Large and In Charge

Psalm 2

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Why do the people plot a vain thing?

In the United States, tolerance is the way to go.  We are not a theocracy. You can say the “founding fathers” had other things in mind, but let’s be real, this country has changed since 1776 or 1789, depending on how you perceive the beginning of it all.  Many people no longer identify with a religion, and if someone does, we leave each other alone.

You can make a valid claim that this is the result of information technology and awareness of the world and humanity as a whole.  We want to preserve ourselves as a race, and we do so by being “okay” with everyone.

But the awareness of a world of different people has also created incredible hostility.  In some areas of the world, this hostility is relentless.  People want world peace.  We post on Facebook about unity, pasting videos from Invisible Children Inc. on our statuses hoping to spread the love, but realistically, it’s not going to happen.  As long as ideals exist, there will never be complete peace.  Somebody will always disagree with someone else.

Psalm 2 is idealistic to the nth degree.  God is described as haughty (v. 4), arrogant (v. 10), and angry (v. 5, 9, 12). He laughs in a mocking fashion after watching kings band together “against the Lord and against His anointed”. This Psalm is clearly talking about a deity superior over all men and all other gods. The average United States citizen would find this Psalm completely ridiculous and archaic, because, while Christianity does still hold the title as Most Popular World Religion, Islam is a close second, and God doesn’t seem to have some special hold over their expansion and violent behavior.

As a qualifier, if you claim “Christianity” as your religion (and being Catholic is under the same category, whether or not you want to believe it), if you don’t identify with Jesus Christ as your Savior, nor do you believe the Lord as described in the Bible is the only true God, and you don’t think the Bible is really true as it is written, then you’re not a Christian.  If you want to change that stance and become a Christian, do something about it.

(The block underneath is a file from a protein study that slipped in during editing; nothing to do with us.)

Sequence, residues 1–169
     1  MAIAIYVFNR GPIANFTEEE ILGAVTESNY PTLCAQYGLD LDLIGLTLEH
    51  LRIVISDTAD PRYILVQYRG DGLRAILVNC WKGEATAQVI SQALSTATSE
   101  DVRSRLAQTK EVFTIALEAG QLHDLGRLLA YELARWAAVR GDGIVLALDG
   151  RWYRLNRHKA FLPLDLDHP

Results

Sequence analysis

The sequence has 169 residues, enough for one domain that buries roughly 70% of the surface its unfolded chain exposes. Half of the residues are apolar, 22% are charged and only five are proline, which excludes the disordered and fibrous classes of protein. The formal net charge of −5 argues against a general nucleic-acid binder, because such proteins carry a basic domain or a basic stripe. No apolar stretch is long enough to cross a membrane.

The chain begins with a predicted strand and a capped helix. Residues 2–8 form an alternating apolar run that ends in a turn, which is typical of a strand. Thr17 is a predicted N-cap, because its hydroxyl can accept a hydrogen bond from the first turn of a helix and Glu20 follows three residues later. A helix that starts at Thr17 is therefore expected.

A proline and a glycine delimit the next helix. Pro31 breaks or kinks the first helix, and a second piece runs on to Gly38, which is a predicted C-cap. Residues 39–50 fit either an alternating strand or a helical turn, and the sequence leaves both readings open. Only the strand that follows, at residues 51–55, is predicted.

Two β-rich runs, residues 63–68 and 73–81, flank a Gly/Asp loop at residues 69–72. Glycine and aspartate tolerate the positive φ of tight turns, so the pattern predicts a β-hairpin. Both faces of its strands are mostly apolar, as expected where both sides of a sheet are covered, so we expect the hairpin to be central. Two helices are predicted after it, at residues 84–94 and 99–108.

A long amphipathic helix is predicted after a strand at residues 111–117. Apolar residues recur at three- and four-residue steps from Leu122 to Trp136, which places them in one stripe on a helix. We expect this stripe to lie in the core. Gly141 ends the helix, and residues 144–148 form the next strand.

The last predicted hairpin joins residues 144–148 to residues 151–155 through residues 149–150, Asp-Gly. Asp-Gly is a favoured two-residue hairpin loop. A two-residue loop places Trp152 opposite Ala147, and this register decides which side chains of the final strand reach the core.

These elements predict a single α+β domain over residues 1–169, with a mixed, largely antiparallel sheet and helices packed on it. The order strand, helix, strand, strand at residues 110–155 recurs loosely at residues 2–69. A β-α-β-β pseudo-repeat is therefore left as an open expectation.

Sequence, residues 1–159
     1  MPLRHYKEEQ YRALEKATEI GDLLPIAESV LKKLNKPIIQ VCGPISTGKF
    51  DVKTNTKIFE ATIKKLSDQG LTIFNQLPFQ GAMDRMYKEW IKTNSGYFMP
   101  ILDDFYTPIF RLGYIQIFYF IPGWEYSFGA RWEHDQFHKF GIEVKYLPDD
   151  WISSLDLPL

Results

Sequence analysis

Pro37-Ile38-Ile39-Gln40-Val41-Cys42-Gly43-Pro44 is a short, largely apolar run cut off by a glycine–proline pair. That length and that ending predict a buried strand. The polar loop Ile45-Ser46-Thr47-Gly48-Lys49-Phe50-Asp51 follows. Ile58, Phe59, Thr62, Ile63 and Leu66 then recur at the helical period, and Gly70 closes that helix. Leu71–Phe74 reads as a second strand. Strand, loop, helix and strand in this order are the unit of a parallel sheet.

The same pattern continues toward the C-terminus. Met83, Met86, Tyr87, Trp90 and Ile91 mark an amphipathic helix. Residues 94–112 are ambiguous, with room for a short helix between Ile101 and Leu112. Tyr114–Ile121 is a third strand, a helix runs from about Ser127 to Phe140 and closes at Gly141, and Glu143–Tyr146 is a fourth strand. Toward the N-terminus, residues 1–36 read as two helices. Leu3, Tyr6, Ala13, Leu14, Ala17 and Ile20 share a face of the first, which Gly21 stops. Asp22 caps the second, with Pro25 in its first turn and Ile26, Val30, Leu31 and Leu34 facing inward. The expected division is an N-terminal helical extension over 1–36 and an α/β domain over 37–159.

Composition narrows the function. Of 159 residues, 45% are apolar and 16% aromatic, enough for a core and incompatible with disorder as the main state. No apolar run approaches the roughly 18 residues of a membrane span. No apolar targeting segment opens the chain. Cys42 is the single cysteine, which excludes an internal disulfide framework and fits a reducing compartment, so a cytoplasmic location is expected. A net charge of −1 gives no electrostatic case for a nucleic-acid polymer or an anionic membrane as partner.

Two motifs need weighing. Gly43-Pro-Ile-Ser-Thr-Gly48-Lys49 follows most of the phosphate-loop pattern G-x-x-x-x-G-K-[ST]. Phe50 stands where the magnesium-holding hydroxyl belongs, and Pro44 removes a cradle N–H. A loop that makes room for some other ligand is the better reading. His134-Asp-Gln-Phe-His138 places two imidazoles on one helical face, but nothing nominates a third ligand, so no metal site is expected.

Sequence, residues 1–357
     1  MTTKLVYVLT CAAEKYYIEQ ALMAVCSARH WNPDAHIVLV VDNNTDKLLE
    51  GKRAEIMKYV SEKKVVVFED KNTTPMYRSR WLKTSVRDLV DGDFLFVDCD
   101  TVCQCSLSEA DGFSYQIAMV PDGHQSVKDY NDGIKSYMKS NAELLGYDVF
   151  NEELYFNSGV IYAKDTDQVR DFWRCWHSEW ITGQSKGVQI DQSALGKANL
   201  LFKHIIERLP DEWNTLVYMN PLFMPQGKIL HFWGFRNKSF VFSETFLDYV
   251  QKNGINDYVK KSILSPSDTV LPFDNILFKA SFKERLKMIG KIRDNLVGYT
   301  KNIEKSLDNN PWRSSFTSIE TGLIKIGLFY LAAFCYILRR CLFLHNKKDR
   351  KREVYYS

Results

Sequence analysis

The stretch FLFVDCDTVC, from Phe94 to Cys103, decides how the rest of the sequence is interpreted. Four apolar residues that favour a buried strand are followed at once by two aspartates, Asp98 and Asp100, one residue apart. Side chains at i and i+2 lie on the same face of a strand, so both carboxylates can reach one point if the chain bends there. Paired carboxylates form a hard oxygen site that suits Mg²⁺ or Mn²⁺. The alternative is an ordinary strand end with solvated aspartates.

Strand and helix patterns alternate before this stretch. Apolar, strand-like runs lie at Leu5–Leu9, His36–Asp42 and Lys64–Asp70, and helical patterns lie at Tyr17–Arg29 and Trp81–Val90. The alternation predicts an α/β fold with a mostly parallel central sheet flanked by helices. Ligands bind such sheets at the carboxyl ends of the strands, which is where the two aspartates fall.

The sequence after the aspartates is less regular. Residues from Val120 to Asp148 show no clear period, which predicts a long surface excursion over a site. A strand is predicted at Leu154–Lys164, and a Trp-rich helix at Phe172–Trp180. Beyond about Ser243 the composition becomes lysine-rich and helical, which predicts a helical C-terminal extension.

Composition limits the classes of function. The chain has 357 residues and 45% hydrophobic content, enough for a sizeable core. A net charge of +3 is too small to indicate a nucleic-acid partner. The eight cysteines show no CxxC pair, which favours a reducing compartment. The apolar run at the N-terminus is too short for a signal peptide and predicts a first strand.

Yeah, that was nasty. But it’s true, and you SHOULD do something about it.

By design, Christians should be idealistic.  There should not be a tolerance for other faiths.  This does not mean we do not love people who deny Christianity — in fact, we’re encouraged to love these people all the more — but there is no room for believing that someone else has it right, according to the Bible. This Psalm should be pretty clear about that.

But what about the “other nations”? Is anyone secretly plotting against a nation of Christians?

The Psalm is speaking of the Jewish nation.  And if there is any theocratic nation of people that has been scrutinized, opposed, attacked, and systematically eradicated, this is it.  What amazes me is that, despite the brutal pummeling the Jews receive, they continue to stand. Sounds like a vain effort of conspiracy to me.  God has their backs for sure.

As a Christian, this Psalm should be meaningful as well, because it talks about a “Son” (v. 7).  The Psalm directs much of its attention to this entity, and how this Son will possess all of the nations and break them with a “rod of iron…like a potter’s vessel” (v. 9).  The Jesus we read of in the NT certainly isn’t like this, is He?  He’s a loving, kind, and gentle guy.

If you believe this, you’re also wrong.  Jesus was really nasty with many people in His short stint on earth.  And the next time He comes around, it’ll be with a sword. That sounds violent and justice-driven to me.

The Son is also looking to grab His inheritance on the earth.  An inheritance requires someone to die.  Jesus died so we might inherit the Son, but conversely we “die” to ourselves so He might inherit us into heaven.

“Now therefore”, the Bible-blogger finishes, “be wise” and serve the Lord “with fear, and rejoice in trembling.”  We need to have a consistent reverence for the Lord if we decide that He is indeed the Lord, by definition.  This is going to create controversy in your life, because you’re now upholding an ideal by saying someone is God.  Don’t relinquish that, ever.  We are “blessed” (v. 12) for keeping it up.

I think John 16:33 does the best job summarizing everything here:

“These things I have spoken to you, that in Me you may have peace. In the world you will have tribulation; but be of good cheer, I have overcome the world.”

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